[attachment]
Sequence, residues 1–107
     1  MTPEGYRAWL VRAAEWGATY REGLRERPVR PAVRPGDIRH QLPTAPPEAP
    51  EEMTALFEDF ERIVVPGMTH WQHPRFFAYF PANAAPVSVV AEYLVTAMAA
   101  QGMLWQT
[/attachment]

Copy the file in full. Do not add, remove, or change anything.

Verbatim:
Sequence, residues 1–107
     1  MTPEGYRAWL VRAAEWGATY REGLRERPVR PAVRPGDIRH QLPTAPPEAP
    51  EEMTALFEDF ERIVVPGMTH WQHPRFFAYF PANAAPVSVV AEYLVTAMAA
   101  QGMLWQT